1Department of Internal Medicine I, Gastroenterology, Hepatology, Endocrinology & Metabolism, Medical University, Innsbruck, Austria. Electronic address: email@example.com.
2Department of Internal Medicine I, Gastroenterology, Hepatology, Endocrinology & Metabolism, Medical University, Innsbruck, Austria.
3Division of Gastroenterology & Hepatology, Department of Internal Medicine III, Medical University, Vienna, Austria.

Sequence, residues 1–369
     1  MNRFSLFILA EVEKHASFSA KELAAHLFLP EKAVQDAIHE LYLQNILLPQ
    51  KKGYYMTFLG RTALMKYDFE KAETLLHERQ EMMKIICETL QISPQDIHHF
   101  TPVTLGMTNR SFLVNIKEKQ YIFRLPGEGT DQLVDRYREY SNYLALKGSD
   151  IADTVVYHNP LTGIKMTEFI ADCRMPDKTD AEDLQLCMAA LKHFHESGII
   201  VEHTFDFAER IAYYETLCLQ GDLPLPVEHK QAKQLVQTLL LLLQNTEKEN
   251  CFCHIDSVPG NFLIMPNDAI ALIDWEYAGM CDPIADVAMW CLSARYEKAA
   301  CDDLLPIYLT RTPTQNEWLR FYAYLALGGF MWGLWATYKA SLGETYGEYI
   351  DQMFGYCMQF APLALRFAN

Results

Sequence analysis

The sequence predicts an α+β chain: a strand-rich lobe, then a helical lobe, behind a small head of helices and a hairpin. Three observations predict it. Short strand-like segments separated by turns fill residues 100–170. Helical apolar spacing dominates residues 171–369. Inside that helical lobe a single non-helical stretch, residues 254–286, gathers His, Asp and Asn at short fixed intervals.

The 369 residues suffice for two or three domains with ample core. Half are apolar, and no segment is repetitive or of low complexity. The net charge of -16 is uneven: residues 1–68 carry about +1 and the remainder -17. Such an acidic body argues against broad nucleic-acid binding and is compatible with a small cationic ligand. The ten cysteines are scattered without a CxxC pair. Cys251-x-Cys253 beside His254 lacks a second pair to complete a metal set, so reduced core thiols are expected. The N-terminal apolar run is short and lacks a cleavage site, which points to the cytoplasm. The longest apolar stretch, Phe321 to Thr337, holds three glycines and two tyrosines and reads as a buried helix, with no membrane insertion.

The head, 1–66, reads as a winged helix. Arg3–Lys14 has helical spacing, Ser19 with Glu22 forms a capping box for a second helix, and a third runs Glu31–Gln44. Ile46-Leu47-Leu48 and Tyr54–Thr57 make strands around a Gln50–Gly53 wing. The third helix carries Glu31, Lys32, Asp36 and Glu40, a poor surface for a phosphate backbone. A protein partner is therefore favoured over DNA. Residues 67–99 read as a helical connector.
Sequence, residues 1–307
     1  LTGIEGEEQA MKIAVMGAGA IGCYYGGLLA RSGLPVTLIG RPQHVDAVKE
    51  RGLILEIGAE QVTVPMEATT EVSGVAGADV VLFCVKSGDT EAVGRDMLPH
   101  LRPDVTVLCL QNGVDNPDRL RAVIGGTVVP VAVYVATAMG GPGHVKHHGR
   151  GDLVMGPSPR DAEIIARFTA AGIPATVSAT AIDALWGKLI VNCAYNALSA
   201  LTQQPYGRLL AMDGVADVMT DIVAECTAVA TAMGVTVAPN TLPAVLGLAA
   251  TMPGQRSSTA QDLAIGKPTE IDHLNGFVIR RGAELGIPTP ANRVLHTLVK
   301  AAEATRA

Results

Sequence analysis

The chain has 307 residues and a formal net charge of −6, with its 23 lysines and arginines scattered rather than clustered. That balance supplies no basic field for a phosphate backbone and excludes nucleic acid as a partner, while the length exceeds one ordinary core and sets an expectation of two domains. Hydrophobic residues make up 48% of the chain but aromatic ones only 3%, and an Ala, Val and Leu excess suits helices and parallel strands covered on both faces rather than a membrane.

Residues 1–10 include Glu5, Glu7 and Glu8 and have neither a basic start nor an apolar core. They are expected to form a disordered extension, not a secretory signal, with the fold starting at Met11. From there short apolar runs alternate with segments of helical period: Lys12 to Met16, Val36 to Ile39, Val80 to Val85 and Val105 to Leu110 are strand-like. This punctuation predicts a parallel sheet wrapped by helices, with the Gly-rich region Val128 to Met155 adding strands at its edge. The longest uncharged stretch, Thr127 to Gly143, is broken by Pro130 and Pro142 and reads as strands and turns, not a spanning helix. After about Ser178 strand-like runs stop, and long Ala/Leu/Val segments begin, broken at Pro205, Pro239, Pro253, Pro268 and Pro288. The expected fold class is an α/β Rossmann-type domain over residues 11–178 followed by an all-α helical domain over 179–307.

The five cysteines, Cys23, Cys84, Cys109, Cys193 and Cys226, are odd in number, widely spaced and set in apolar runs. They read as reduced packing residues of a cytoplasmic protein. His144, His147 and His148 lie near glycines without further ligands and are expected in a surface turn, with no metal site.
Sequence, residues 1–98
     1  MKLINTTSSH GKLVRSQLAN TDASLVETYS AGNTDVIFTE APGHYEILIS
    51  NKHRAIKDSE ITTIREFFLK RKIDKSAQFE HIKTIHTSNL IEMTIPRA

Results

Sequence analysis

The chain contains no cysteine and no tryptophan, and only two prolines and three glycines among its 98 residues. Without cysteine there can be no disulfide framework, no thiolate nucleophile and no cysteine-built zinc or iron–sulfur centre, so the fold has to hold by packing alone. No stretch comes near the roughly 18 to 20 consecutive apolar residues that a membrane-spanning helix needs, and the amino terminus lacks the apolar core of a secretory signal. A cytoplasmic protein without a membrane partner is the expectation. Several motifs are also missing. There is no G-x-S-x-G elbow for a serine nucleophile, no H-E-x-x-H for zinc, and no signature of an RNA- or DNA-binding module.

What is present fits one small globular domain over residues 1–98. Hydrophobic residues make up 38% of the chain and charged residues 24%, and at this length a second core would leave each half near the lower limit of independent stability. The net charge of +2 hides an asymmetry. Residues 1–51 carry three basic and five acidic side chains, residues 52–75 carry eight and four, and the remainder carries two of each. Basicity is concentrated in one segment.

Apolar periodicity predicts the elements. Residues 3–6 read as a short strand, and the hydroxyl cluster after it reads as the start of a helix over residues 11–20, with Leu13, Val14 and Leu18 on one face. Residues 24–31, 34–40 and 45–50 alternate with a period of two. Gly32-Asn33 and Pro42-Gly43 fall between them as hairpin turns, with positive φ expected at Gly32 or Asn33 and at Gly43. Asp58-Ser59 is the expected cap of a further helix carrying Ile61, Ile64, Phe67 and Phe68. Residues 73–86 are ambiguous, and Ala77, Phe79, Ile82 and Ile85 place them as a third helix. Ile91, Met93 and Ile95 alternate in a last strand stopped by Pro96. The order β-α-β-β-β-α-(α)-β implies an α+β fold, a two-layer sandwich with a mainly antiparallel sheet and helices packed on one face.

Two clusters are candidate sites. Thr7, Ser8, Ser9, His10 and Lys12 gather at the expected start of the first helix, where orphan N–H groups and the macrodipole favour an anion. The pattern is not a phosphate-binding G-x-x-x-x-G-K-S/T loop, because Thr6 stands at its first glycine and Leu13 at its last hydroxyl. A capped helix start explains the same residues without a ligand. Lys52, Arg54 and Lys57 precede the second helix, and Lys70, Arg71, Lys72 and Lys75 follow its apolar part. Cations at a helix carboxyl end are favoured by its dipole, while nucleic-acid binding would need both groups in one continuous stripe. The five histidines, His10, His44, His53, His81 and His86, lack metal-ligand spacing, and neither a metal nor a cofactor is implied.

Bidirectional crosstalk along the gut-liver axis controls gastrointestinal health and disease and exploits environmental and host mediators. Nutrients, microbial antigens, metabolites, and bile acids regulate metabolism and immune responses in the gut and liver, which reciprocally shape microbial community structure and function. Perturbation of such host-microbe interactions is observed in a variety of experimental liver diseases and is facilitated by an impaired intestinal barrier, which is fueling hepatic inflammation and disease progression. Clinical evidence describes perturbation of the gut-liver crosstalk in non-alcoholic fatty liver disease, alcoholic liver disease, and primary sclerosing cholangitis. In liver cirrhosis, a common sequela of these diseases, the intestinal microbiota and microbial pathogen-associated molecular patterns constitute liver inflammation and clinical complications, such as hepatic encephalopathy. Understanding the intricate metabolic interplay between the gut and liver in health and disease opens an avenue for targeted therapies in the future, which is probed in controlled clinical trials.